Edinburgh embraces a Hollywood affair

In the footsteps of this summer's rom-com hit, Matthew Bell finds out if love really is in the air of Scotland's capital city

The novel has been called the literary sensation of the decade, having sold more than a million copies. The film, starring Anne Hathaway and Jim Sturgess, is certain to become a hit when it comes out on Friday. But can David Nicholls' One Day, the love story that everyone is raving about, now stake a claim on the city of Edinburgh? One canny tourist board seems to think so.

Marketing Edinburgh last week launched a literary tour of the Scottish capital, a six-mile walk taking in all the sites mentioned in the book. Never mind that Edinburgh already boasts a dozen festivals, three castles and a literary heritage stretching from Walter Scott to Harry Potter – now tourists can flock to see where Emma and Dexter fall in love. Well, that's what I did.

"Begin in the heart of the Old Town," say the instructions, sending me to the jostling market square of Grassmarket; there a man juggles chainsaws next to an African dance troupe. No mention of this in the novel, but this is festival season.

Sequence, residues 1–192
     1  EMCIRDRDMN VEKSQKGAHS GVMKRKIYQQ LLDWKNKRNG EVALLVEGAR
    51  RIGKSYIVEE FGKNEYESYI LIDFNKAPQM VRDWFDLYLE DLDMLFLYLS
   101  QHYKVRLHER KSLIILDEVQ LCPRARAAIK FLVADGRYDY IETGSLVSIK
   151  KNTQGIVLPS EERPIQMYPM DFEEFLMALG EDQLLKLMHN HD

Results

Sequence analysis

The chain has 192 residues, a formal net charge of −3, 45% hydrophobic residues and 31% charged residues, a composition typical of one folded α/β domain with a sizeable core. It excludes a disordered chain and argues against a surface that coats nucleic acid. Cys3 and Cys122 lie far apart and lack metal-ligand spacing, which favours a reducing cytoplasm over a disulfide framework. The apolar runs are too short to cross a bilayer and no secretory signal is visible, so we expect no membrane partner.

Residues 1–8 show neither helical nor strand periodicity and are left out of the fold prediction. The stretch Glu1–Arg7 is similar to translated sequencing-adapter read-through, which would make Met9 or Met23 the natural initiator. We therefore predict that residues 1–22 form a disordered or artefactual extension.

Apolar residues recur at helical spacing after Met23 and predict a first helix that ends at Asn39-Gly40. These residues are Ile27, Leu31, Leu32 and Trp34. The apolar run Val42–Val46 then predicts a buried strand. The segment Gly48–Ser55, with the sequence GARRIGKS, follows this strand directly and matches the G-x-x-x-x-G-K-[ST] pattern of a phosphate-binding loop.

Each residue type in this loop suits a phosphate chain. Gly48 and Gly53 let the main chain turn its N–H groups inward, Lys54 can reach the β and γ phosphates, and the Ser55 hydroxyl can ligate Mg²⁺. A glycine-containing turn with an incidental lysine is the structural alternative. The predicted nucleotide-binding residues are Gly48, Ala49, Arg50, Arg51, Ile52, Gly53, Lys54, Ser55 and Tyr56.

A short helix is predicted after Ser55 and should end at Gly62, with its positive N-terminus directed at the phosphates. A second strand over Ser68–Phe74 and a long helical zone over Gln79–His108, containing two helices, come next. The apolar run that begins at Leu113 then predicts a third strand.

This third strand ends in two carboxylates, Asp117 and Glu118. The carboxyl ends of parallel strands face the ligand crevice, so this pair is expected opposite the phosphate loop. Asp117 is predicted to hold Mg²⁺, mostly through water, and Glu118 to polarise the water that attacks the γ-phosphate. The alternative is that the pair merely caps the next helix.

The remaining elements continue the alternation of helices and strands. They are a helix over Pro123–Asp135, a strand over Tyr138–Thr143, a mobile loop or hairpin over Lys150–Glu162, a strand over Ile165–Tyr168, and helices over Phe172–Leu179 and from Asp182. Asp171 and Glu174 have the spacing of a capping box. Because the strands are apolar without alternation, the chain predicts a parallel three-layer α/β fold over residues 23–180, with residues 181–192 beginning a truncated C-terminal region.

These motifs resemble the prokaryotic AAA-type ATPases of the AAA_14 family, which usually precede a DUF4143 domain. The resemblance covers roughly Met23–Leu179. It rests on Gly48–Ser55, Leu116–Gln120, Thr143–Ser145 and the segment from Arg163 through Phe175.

In case you haven't read it, One Day is about the romance between Emma Morley and Dexter Mayhew, who meet as students at Edinburgh University. Their paths cross the day they graduate, 15 July 1988, and the novel traces their lives every year on that date for two decades.

So, to get in the mood, I pop into Armstrongs, the vintage clothing store, where the manager, Jane Barrow, tells me she's doing a booming trade in Eighties clothes. "Wing-sleeve jumpers are the thing," she says, showing me a hideous, baggy, black number with bits of gold appliqué.

On to George IV Bridge, where it's thick with tourists, so I dive into the National Library of Scotland, where Emma might have studied. Dera Bell, 32, has lived here for 10 years, and says Edinburgh is just like Paris – "a good place to forge relationships".

Round the corner is Parliament Square, where Ems and Dex would have attended their graduation ceremony and first clapped eyes on one another. Today, it's throbbing with rucksacked tourists; tour guide Ella Humphreys, 24, rolls a cigarette as she waits for her next group. Has she ever fallen in love in this square? "I've fallen in and out of love a couple of times in Edinburgh," she laughs, "so, yeah, I can see how it might happen."

On Cockburn Street, where several scenes were filmed, I find some actual lovers. Dylan Kitchener, 26, and Joanna Blusiewicz, 30, are sitting arm-in-arm, drinking lager outside The Malt Shovel pub. She is Polish, he Australian, and they have just moved to Edinburgh. But as for finding romance here, they're not convinced. "It's not Paris," they scoff.